Updated: Feb 13
Youth is something which is wasted on the young. The older I get, the more I find myself thinking "if only I knew then what I know now". But, this is the nature of life. Just as one starts to experience time more quickly, the older one gets, so it seems that we start to see ourselves very differently as time goes on. Meaning, it turns out, is just as relative as time itself. And it seems that our search for it is never-ending.
So, what exactly is the meaning of life? People have been pontificating this question for as long as there have been people. Most of the better-known philosophers have posited this question, and have answered it within their own realms of experience as best they could. I believe that this is one of those questions which may never be fully answered, or understood, least of all by me. I can, however, attempt to give you, the reader, a Will's eye view into how I make sense of things.
There was a time when I believed, like many others, that for my life to have any meaning, I would get an education, a career, a wife, children, and perhaps a dog or two. Many people follow this path, and for them, like myself, it was a vehicle to obtain purpose, immortality, and, if they were lucky, a portion of happiness. Why else would we be placed on this planet? Life had other lessons for me, however.
The aforementioned assumptions were predicated on the belief that I would go through life as I had planned it in my youth. After my SCI, I went through what I can only describe as a mourning period for the life I had lost. I even went as far as writing a letter to the son I would never have. At that point, I thought God had a really twisted sense of humour for keeping me alive when all I had lived for had been taken from me. But, as I would soon realise, God knows what he is doing even if I do not.
Fast forward to this day. Even that which I have written now has a starkly different meaning to me than what it once did. Take marriage, for example. Today, I don't really see the point in it for a man of my age. Any man, of my age. Why would I commit myself legally to someone else when what I can expect from that contract (yes, it is contractual!) is nothing that holds any intrinsic value to furthering the satisfaction of all those things I would suppose give meaning to this thing we call life.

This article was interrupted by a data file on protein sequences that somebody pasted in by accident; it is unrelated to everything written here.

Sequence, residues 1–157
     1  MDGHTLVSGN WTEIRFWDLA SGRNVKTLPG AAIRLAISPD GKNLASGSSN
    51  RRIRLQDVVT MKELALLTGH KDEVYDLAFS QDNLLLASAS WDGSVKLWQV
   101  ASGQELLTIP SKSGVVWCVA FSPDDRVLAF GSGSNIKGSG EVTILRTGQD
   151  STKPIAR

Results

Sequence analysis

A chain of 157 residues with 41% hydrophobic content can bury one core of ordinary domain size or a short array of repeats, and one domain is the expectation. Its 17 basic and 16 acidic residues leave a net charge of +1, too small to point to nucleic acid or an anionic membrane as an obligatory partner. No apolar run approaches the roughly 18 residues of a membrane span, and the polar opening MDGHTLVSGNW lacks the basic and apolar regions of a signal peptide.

Think about it! If I assume that the woman I would marry is age appropriate within fifteen years either way, that would make her 35 – 65 years of age. Not exactly in her prime childbearing years, so kids would probably not be something I could expect. Not my own, at any rate. And, if by some miracle she did conceive, I would then have to assume that I would be in my seventies when my son or daughter got married. Don't even get me started on grandchildren!
For me, then, this Biblical institution loses a lot of its lustre as something which would add to my life. Why get married, if not to have children? That is the question that keeps going through my head? But I will concede, perhaps there are other virtues. Gay people seem to find value in it – what value, I have no clue about. But there must be some, obviously. Why else would they be so eager to do it?
Someone more knowledgeable than I will have to explain to me like I am a third grader. For me, value now comes from being of service to my fellow human beings. I would consider my life having made sense if I could make it easier for someone else like me, or not, to find the sense in their own existence. I see my life a little like a job interview that lasts 70 years. If, at the end of it all, I can see the fruits of it in the legacy I leave behind, I would have then considered it a life worth living. However, I do not feel that I have reached those heights quite yet. My life is still under construction.
Was it all worth it? Did I succeed in leaving the world a better place than the one I found? Only those who remain will decide that. Until then, I will keep diligently to my task so that my life would add value to those to come.